I’m the guy in a lot of those photos above. There’s me in college, studying abroad in Trinidad; there’s me goofing off with my best friend in high school; there’s (lots and lots of) me and my girlfriend. It’s a little unsettling having all those tiny, relatively intimate moments up there, but if I’m sharing them with Facebook, why not share them with you guys, too?

Why? Because Facehawk, a wonderful, frightening net art piece masquerading as a music video by Rajeev Basu. The work, set to the song “Dangerous” by the appropriately-named dance-pop band Big Data, plunges your Facebook profile for photos and status updates, then blows them up across your browser. Eventually, the archived memories and bits of personal information reform, taking the shape of a majestic bird (hence the name).

Try it here. I’ll wait.

“The idea was inspired straight from the song, which is about watching while being watched: voyeurism in the digital age,” Basu tells ANIMAL. “And what better way to play with that then to somehow mess with the world’s most used tool for ‘watching,’ Facebook?”

Big Data’s Alan Wilkis echoesthat sentiment. “We can anonymously spy on people and look deeply into their private lives via the web, and yet at the same time, Facebook and countless other agencies are all¬†simultaneously¬†watching and tracking our every digital move,” he says.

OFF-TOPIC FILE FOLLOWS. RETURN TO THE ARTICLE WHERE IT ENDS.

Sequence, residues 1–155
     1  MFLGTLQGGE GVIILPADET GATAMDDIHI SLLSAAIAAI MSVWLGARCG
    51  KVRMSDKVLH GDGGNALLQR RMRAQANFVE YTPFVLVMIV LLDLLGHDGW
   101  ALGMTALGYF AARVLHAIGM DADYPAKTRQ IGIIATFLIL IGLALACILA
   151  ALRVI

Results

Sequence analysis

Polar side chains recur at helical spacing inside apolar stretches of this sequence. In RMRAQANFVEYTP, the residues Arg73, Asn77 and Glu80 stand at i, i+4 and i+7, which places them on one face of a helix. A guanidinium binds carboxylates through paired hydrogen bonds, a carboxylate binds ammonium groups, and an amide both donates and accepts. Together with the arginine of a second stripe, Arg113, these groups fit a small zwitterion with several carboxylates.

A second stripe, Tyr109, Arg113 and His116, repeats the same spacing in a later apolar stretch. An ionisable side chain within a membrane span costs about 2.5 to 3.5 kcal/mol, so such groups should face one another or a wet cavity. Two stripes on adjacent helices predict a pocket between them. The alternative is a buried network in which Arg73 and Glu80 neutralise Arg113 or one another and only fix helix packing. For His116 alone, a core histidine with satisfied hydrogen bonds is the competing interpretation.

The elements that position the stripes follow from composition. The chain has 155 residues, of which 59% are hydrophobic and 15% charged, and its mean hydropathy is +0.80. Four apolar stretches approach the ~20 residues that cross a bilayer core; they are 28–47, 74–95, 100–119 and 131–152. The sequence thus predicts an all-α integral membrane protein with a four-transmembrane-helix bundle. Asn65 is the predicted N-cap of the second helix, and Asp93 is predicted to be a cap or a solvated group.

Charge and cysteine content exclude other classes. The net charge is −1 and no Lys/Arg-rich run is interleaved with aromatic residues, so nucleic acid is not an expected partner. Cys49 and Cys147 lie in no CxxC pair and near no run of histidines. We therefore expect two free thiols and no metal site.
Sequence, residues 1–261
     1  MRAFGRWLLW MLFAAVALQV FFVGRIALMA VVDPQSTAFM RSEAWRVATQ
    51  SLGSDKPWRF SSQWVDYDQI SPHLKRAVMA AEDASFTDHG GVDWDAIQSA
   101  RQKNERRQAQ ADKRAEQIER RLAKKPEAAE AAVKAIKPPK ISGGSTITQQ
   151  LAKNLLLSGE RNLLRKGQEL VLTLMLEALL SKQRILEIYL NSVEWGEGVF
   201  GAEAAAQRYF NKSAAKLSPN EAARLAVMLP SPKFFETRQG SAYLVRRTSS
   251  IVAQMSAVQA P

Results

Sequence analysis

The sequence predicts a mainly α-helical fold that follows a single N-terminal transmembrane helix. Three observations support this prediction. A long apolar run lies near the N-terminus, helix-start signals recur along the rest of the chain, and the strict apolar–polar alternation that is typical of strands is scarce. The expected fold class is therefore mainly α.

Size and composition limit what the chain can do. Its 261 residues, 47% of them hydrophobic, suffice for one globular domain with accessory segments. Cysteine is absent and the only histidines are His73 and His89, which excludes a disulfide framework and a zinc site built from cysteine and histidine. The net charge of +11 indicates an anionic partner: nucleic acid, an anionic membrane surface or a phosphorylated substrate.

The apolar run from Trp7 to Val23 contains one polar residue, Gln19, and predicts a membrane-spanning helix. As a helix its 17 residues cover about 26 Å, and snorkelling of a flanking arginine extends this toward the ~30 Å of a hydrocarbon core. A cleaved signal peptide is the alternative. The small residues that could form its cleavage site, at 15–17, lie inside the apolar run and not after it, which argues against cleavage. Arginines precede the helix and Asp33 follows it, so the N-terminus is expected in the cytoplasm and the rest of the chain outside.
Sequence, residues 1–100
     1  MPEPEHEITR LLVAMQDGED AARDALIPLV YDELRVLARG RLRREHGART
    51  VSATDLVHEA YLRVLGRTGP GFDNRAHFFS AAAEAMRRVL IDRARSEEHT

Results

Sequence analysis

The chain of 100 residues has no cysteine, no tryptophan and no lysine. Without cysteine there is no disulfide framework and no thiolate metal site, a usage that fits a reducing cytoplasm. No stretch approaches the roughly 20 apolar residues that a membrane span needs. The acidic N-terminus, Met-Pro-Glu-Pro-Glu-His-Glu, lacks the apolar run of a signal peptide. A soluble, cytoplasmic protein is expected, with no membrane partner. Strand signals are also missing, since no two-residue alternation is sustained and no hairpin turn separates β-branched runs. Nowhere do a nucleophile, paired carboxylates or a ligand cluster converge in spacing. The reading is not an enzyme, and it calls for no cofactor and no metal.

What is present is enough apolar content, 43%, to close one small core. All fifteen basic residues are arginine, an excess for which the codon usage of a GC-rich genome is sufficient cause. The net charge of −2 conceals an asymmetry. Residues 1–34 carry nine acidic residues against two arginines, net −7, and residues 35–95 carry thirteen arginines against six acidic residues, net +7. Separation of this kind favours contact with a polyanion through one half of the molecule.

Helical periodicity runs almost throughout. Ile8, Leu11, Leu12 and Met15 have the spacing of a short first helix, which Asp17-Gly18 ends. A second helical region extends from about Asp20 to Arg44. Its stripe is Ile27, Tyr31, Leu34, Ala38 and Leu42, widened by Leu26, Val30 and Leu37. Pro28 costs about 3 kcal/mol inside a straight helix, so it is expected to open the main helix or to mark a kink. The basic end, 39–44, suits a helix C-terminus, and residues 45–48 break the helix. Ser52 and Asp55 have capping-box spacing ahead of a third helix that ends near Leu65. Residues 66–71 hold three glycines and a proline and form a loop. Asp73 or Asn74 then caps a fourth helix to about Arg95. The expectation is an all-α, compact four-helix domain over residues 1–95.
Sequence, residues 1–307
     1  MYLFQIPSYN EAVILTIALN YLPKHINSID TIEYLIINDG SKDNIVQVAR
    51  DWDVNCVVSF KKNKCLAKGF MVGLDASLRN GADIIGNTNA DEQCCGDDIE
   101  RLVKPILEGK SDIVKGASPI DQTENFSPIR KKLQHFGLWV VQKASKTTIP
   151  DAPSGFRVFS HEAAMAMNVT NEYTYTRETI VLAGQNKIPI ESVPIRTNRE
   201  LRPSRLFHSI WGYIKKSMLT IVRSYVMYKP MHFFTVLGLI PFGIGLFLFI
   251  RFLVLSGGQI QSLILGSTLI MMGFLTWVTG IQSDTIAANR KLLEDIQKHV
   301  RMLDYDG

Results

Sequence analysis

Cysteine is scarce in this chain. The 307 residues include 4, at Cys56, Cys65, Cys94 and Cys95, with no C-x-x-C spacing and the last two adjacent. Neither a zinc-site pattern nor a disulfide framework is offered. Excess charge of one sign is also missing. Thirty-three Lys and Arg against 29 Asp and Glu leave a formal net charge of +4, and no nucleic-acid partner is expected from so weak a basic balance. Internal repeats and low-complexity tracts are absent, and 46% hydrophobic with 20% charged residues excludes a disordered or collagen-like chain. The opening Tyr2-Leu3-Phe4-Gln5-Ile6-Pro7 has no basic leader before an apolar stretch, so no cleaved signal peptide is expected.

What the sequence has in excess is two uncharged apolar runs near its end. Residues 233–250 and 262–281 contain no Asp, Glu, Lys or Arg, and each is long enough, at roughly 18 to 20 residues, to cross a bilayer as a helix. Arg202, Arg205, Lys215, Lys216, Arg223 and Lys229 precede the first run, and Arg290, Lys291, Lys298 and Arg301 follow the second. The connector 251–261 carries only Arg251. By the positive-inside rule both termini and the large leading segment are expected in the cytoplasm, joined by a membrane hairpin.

“Musically speaking, the song feels fun, light, and danceable on the surface, but there is an unsettling undercurrent to it,” Wilkis adds. “In the same way, the way that we engage with others via internet feels mostly harmless and fun 99% of the time, but when you think a little more deeply about it, there’s something very scary about it. We’ve basically resigned ourselves to a life with increasingly-diminished privacy, and yet we wouldn’t have it any other way.”

The video asks the viewer to reckon with his or her own digital exhibitionism and voyeurism, simply by recontextualizing their own Facebook page. But why the big bird?

“The video is about being watched,” says Basu. “And nothing watches you quite like a hawk.”